A revived L.A. County Natural History Museum
With 3.5 acres of gardens, walking paths and an outdoor gathering space, the new Nature Gardens will serve as the “front yard” for the Natural History Museum of Los Angeles County. The project's June 9 opening is part of the museum’s six-year renovation.
A striking entrance
A fin whale skeleton in the nearly 65-foot-high Otis Booth Pavilion highlights a new exhibition space. Programmable lights will be visible from downtown L.A.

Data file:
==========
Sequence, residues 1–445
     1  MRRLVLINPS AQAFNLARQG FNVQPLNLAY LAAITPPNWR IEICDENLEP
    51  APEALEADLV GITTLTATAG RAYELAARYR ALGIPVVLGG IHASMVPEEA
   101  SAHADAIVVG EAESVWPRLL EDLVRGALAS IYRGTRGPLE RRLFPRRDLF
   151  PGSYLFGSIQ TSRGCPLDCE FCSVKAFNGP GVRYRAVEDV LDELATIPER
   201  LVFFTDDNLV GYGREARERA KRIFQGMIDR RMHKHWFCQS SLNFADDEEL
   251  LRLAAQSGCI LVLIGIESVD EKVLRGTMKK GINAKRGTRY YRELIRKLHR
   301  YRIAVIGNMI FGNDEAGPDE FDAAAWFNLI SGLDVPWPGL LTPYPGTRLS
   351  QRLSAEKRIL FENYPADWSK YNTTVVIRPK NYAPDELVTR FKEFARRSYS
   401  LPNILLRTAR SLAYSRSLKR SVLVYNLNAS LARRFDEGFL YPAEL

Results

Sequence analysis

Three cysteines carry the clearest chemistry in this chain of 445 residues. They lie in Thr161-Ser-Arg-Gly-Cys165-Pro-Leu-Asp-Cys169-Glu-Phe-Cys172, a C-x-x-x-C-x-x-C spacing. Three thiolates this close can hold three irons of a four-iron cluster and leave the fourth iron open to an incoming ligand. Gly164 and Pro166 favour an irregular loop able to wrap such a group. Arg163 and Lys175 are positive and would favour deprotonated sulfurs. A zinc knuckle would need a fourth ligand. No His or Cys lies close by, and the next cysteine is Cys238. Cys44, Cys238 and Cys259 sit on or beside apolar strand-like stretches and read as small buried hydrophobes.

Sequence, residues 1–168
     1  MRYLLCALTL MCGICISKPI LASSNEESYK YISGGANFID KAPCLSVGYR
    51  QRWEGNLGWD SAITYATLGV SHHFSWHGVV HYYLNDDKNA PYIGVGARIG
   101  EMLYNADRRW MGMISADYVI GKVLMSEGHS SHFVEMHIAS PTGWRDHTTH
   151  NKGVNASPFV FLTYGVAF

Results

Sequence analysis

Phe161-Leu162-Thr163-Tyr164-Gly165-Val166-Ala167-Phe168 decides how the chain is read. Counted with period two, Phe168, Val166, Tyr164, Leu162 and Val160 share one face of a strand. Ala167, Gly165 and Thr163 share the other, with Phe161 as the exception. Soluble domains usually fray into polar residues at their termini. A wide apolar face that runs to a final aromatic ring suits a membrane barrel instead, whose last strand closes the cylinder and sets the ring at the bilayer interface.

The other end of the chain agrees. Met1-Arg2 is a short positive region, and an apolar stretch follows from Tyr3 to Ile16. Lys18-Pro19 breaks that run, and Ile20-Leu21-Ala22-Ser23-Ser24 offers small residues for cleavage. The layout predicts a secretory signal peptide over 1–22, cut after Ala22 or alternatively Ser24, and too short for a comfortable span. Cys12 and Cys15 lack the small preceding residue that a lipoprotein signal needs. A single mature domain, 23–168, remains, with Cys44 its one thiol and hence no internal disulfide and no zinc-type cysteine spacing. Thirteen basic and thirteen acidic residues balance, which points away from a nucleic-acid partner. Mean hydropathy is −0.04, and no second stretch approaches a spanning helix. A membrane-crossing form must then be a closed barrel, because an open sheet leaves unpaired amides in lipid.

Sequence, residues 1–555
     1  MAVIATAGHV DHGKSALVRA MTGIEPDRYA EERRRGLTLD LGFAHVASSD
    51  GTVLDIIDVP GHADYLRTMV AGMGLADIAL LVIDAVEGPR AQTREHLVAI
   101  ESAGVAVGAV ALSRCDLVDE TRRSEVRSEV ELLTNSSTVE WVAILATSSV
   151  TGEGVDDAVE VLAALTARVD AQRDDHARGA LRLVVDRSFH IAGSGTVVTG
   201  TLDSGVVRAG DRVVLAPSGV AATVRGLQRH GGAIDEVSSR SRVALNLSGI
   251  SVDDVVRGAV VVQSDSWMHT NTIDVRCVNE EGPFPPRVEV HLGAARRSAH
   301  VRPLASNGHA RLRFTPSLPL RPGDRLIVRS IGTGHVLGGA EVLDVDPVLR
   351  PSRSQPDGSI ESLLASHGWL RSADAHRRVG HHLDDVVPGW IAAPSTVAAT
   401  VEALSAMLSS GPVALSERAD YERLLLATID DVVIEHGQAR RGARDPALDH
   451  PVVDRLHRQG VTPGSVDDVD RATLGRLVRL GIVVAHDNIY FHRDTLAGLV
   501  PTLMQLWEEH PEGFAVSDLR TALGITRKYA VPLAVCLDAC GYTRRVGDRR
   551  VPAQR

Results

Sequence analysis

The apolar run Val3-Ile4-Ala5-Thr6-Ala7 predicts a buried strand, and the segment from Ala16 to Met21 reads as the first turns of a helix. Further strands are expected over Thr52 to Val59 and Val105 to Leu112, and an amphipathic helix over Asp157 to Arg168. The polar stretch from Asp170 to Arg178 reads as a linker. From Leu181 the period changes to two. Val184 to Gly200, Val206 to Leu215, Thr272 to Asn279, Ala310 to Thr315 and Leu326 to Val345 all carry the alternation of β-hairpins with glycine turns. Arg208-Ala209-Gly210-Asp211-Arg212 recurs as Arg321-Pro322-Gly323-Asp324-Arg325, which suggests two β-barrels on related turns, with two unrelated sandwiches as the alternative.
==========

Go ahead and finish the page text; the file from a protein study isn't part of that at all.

The steel pedestrian bridge from the entry booths along Exposition Boulevard was designed to emulate a whale’s shape.
A frit pattern of small ceramic dots is baked into the east- and west-facing panes to deter birds from flying into them.
A victim of whaling, the specimen was acquired in 1926 and exhibited for 62 years. The 221 bones were reassembled to emulate a dive.
Four speaker arrays, two refrigerator-sized subwoofers and 12 solid state drivers activate the panels as speakers, replicating whale-call frequencies.
Lights can be programmed to look like waves, shadows or other whales. The LEDs are concealed behind a translucent screen that diffuses light.